A photo of a funeral directors parlor, with chairs and a fireplace

 

Written by Elisa Weiss

 

Let’s face it. Funeral homes aren’t known for being beautiful in the traditional sense of the word. Modern, light and airy are not words that immediately come to mind when a person thinks of a funeral home. But we are seeing a definite trend across the globe where saying goodbye to a loved one is actually more of a celebration of life vs. mourning of death. This way of honoring the dead can be seen reflected through funeral home architecture around the world.

 

Check out these funeral homes that show just how beautiful death can be:

Funeral Home and Garden, Pinoso Spain:

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This boldly modern funeral home sits in the rolling hills of coastal southeast Spain. Outside, its shiny black edifice is complemented by long stretches of glass, shedding light on the bright and equally contemporary interior. Inside, stark white walls and simplistic design invite mourners in while taking a backseat to, however, families choose to memorialize their loved one.


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for more photos and information on Funeral Home and Garden.

 

Chicago Jewish Funerals, Chicago, IL:

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The simple elegance of this Chicago funeral home is ironically what makes it so spectacular. The building’s two chapels are covered nearly floor to ceiling with windows, casting light throughout the space and offering grieving families life-affirming healing energy. The walls the building does boast are light and beautiful, one made entirely of Jerusalem stone.

 

Chapel of St. Lawrence, Vantaa, Finland:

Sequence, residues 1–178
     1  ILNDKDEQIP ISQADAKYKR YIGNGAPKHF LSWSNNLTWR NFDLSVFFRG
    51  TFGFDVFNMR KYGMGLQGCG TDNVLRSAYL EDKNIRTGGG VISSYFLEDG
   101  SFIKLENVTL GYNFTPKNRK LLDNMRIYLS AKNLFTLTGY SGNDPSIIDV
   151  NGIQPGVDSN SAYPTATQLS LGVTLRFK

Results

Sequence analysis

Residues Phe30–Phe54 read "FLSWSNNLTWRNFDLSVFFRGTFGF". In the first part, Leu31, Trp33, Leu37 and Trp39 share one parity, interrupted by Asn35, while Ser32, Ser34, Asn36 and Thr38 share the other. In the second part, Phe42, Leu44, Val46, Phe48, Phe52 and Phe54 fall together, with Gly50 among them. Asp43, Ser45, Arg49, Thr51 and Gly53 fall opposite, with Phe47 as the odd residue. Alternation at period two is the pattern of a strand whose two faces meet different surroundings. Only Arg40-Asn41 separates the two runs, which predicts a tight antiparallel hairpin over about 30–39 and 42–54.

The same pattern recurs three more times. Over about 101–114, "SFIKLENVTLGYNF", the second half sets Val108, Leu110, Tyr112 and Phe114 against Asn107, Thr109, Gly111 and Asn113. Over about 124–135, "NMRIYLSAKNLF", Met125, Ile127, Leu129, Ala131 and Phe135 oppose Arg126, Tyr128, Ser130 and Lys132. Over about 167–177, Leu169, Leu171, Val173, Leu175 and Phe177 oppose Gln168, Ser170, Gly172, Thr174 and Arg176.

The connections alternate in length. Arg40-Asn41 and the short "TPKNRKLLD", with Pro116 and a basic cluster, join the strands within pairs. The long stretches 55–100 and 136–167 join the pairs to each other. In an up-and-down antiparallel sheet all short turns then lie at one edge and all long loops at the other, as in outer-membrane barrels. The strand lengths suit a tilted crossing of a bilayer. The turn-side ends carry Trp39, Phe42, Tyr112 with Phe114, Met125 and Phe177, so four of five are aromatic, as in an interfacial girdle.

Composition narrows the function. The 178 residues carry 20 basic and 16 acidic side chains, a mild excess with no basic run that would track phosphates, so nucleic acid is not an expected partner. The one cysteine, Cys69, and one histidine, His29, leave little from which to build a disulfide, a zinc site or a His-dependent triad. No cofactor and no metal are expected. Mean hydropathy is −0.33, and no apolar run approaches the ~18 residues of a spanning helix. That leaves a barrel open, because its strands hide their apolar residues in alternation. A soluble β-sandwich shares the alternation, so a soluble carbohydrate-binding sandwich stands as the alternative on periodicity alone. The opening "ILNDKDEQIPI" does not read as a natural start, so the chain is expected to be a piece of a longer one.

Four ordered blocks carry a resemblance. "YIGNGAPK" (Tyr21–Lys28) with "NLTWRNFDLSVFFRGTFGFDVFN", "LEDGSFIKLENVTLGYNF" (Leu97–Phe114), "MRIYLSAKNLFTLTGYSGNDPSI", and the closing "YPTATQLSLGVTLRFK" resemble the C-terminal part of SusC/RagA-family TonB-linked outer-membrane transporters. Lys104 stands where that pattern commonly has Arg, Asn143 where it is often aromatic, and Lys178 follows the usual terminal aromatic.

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Whitewashed walls, a copper roof, slate flooring, and a soaring geometrical bell tower are just a few of the striking characteristics of this Finnish funeral chapel. But the design isn’t just beautiful, it was constructed specifically with grieving families in mind. The design of the building’s acoustics and ventilation create a soothing ambiance, while a peaceful path of sacral spaces highlighted by one continuous skylight guides mourners through the chapel where they can say final goodbyes to their loved one.

 

Click here for more photos and information on the Chapel of St. Lawrence.

 

Funeral Parlor, Murtas, Spain:

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Murtas, Spain is home to this unique cave-like funeral parlor. Set into the hills and complete with a series of soaring skylights, blending earth with sky was the primary objective of the design. Inside, the midday sun forms an eclipse drawn together by direct and projected light. This ambiance assists the soul as it begins its ascent to heaven — an important journey for the fundamentally spiritual Spanish culture.

 

Meiso no Mori Municipal Funeral Hall, Kakamigahara, Japan:

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Nestled between a mountain and small lake in Kakamigahara, Japan is Meiso no Mori Municipal Funeral Hall. Designed to mirror its mountainous surroundings and the billowing clouds above, a curving, seamless concrete roof immediately catches visitors’ eyes. The unique roof shape creates a serene interior, with soft curves and airy feel. A wall of windows works in conjunction with high ceilings to invite in even more light, establishing a sublime space to give last honors to the deceased.

 

Click here for more photos and information on Meiso no Mori Municipal Funeral Hall.

 

Welkenraedt Funeral Centre, Welkenraedt, Belgium:

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Create a building that appears it’s rising from the Earth — This is what the architects who designed the Welkenraedt Funeral Centre in Welkenraedt Belgium were tasked with. The structure is comprised of two main buildings that interconnect beneath a broad planted roof. The curves and finish on the bold concrete walls relay a feeling of balance and reassurance, while tall windows in several public rooms invite nature in. The space is organized in a functional, sensitive manner that best allows expression of grief and joining of family to pay respects to the deceased.

 

Click here for more photos and information on Welkenraedt Funeral Centre.

 

Do you have other examples of impressive funeral home architecture? Share them with us in the comments!